Google has filed for a patent on a technology that would let users search their program listings with only the sound of their voice.
According to Patently Apple, which obtained the patent request, Google's application describes a method of allowing users to say a voice command through a mobile device. That command is then relayed to a television or set-top box--likely equipped with the company's Google TV platform--that displays the desired information.
According to Patently Apple, the patent describes one implementation in which a user asks, "When is 'Seinfeld' on?" The software on the television then displays the title, name of the episode, and when it will be on. The patent also relates to users searching for live TV shows and turning the set on, all with their voices.
The patent's description will immediately conjure up comparisons to Apple's Siri. According to numerous rumors swirling around Cupertino, Apple is planning to launch an HDTV by the end of this year that will work with the company's virtual personal assistant. Users will be able to give a command to Siri through the iPad or iPhone, and the Apple TV will respond to them, the rumors say.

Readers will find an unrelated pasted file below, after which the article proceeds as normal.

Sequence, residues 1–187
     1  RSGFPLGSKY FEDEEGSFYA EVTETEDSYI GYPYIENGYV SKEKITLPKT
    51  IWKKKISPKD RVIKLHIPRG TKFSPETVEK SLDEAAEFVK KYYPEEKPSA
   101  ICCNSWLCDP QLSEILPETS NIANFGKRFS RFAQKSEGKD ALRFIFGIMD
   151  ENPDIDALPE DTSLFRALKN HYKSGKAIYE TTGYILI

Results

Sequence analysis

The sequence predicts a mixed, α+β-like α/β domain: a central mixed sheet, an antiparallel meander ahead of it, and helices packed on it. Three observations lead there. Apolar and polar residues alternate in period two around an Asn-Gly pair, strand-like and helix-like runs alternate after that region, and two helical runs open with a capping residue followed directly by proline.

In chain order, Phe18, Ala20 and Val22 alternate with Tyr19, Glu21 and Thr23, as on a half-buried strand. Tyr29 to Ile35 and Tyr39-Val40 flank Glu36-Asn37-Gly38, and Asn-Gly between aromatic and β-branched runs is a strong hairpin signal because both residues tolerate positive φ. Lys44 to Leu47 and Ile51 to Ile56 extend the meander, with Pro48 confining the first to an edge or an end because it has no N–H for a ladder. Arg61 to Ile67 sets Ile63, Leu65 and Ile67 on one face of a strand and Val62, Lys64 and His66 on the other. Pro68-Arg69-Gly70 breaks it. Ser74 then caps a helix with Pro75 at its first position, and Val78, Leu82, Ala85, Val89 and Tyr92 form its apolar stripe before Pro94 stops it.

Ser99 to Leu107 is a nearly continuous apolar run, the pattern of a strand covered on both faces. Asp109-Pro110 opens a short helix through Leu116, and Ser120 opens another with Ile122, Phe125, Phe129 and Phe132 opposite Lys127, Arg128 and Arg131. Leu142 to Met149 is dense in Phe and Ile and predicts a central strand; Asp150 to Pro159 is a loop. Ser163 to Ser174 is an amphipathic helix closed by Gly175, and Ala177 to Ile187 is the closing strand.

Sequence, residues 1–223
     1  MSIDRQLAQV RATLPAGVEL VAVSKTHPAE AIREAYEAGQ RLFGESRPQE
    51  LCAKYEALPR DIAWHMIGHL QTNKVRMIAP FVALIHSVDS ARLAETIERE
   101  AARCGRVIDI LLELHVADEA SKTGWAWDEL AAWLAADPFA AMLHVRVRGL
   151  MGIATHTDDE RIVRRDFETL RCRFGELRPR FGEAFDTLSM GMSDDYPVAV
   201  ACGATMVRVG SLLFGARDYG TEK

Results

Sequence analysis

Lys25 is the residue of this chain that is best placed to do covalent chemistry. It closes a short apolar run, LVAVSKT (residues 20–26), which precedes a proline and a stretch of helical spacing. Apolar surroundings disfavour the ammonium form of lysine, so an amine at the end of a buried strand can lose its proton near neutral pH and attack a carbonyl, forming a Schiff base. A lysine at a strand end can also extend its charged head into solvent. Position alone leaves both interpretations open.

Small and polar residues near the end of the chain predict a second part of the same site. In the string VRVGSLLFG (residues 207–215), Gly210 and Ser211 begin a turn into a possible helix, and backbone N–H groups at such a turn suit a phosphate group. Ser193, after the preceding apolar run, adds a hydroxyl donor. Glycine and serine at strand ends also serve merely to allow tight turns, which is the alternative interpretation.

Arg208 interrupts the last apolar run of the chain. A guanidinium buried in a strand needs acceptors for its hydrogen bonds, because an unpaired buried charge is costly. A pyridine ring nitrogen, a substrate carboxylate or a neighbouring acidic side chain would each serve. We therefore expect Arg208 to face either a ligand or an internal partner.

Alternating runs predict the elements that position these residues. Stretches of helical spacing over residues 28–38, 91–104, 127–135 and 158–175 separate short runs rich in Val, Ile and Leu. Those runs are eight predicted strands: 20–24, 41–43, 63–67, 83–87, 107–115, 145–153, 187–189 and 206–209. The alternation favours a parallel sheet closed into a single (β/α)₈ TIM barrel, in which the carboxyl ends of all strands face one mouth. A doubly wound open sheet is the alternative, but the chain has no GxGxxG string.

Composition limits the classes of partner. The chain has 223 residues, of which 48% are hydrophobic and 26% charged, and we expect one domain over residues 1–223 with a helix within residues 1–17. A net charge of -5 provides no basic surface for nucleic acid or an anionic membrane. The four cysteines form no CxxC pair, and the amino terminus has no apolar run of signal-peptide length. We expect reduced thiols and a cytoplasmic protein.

Although it might have been purely coincidental, Patently Apple says that the Google application was filed with the U.S. Patent and Trademark Office just six days before Apple announced the launch of iCloud and Siri last year.
But Apple won't be Google's only concern with its voice-recognition feature. At the Consumer Electronics Show earlier this year, both LG and Samsung announced voice-control support in their new TV lines. LG's is made possible with its new Magic Remote. Samsung's implementation is powered by its new Smart Interaction technology, which also supports gesture control.
However, those services don't have what Google is proposing: long-distance control. According to Patently Apple, the search giant's patent filing includes mention of users being able to control their televisions from within one-quarter mile of the set, thanks to their smartphone or tablet's wireless connection. The distance between the devices would be determined by the GPS built into the respective smartphone or tablet.
"We file patent applications on a variety of ideas that our employees come up with," a Google spokesperson told CNET in an e-mailed statement. "Some of those ideas later mature into real products or services, some don't. Prospective product announcements should not necessarily be inferred from our patent applications."